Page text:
10 July 2008

Speculating about the price of petrol

I’ve heard a few rumblings recently about the price of petrol, which has often surpassed $1.60 per litre in Sydney (that’s US$5.68 per gallon). Several people have commented that the speculation in the oil futures market is somehow the cause of these price increases. Even our government is pursuing this idea:

Kevin Rudd told Parliament there were increasing concerns in the international community about the role of excessive speculation by financial institutions trading oil as an investment like shares and currencies.

The Economist has a good article which debunks this myth:

Neither index funds nor other speculators ever buy any physical oil. Instead, they buy futures and options which they settle with a cash payment when they fall due. In essence, these are bets on which way the oil price will move. Since the real currency of such contracts is cash, rather than barrels of crude, there is no limit to the number of bets that can be made. And since no oil is ever held back from the market, these bets do not affect the price of oil any more than bets on a football match affect the result.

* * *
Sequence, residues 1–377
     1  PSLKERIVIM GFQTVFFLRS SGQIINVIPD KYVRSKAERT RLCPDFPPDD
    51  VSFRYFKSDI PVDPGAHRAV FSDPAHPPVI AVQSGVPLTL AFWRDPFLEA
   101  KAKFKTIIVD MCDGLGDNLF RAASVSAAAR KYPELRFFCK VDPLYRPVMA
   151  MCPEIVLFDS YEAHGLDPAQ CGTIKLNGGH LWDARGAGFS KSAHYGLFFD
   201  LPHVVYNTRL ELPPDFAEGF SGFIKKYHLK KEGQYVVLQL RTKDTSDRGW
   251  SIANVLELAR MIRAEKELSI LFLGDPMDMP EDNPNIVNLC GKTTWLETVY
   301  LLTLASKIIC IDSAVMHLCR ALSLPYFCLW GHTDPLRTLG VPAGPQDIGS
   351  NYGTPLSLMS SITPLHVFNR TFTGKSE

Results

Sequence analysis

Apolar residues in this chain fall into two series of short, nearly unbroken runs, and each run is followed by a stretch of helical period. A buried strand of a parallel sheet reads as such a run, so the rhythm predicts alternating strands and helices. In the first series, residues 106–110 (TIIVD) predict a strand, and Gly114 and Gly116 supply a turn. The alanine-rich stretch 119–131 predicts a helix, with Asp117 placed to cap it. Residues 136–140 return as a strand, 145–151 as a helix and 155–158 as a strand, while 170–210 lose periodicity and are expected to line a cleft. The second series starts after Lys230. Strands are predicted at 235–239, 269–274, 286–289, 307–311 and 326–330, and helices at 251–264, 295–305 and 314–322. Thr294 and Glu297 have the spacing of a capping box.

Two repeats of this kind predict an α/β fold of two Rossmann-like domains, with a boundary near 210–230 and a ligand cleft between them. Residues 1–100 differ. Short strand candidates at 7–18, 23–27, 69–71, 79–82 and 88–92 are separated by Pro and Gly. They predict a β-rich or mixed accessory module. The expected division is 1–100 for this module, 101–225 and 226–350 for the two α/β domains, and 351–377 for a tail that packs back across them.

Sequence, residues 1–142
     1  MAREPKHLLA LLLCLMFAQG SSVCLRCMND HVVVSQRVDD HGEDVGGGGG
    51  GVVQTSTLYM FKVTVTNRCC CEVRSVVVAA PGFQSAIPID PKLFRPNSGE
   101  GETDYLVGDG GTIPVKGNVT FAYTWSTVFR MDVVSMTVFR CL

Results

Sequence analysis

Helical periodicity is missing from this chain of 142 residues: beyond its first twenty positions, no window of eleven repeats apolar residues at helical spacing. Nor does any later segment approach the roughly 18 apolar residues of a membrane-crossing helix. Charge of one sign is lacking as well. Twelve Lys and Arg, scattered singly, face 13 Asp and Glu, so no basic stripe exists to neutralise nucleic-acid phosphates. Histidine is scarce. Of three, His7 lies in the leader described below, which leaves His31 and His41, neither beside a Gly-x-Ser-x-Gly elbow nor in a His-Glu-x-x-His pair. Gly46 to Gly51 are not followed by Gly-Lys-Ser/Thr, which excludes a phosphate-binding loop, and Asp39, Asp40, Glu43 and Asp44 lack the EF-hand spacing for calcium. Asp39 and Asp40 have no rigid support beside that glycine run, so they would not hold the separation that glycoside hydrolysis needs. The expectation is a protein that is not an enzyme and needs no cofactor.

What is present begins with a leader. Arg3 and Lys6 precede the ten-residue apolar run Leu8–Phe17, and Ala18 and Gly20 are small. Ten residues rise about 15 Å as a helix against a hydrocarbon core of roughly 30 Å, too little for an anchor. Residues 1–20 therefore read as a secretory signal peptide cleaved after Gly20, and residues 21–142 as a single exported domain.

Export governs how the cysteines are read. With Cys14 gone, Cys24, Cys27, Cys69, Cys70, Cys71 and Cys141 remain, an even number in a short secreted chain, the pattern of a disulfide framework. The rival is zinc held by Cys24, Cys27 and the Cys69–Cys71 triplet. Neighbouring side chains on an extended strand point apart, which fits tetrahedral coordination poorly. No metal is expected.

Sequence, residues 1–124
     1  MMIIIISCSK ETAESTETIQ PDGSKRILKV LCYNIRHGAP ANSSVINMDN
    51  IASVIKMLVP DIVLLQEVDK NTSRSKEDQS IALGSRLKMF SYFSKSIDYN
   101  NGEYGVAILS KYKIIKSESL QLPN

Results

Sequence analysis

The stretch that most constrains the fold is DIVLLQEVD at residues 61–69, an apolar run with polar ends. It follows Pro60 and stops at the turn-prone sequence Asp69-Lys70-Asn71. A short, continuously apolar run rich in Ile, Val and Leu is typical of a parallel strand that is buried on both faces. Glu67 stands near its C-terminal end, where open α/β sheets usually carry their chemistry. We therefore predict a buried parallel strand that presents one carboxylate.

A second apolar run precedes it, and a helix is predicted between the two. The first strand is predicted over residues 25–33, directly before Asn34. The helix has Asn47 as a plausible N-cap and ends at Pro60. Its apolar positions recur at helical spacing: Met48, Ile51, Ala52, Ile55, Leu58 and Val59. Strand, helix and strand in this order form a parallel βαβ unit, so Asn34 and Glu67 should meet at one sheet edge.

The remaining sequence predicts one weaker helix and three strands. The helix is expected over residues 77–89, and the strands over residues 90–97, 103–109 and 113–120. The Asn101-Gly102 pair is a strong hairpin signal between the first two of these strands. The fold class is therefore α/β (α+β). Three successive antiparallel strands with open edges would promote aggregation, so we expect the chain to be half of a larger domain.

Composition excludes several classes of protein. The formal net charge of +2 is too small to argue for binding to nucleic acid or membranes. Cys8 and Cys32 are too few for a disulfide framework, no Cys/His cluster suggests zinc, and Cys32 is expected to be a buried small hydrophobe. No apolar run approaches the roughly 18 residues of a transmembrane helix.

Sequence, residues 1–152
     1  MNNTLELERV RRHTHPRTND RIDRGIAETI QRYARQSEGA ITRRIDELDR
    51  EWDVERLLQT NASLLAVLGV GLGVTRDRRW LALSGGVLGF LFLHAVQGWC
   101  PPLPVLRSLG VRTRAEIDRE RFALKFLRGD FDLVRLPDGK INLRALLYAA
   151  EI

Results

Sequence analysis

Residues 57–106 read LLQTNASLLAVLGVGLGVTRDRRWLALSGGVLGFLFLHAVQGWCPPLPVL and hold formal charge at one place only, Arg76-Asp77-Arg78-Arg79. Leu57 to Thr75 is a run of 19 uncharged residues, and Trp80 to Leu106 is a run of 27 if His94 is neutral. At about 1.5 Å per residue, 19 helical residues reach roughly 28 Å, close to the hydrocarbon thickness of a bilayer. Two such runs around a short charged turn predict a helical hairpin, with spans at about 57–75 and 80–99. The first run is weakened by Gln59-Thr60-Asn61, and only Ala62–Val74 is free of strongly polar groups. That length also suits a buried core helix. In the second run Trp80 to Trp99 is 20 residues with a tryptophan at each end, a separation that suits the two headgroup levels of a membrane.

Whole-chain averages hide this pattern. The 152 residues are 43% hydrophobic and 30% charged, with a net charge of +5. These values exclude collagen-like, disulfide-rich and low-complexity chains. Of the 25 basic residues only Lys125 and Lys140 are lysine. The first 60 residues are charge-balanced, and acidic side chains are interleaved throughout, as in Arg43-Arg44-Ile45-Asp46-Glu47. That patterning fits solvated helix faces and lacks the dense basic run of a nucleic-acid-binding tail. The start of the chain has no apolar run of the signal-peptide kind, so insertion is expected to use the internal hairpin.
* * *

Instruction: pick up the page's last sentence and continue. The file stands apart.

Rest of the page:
In fact, because hedging in the futures market allows both oil producers and consumers to provide security around their future income or expenses, it helps maintain the liquidity of the oil market:

Despite their dismal reputation, the oil speculators provide a vital service. They help airlines and other big oil consumers to hedge against rising prices, and so to reduce risk—a massive boon amid the economic turmoil. By the same token, they provide oil producers with more predictable future revenues, and so allow them to expand more confidently and borrow more cheaply. That, in turn, should help to lower the price of oil in the long run. Any attempt to curtail speculation, by contrast, is likely to make life harder for firms and oil more expensive.

The speculators and futures market exist as an open market which improves the flow of goods and services within the economy. Don’t buy into the idea that these important markets are responsible for unjustified movements in the price of oil.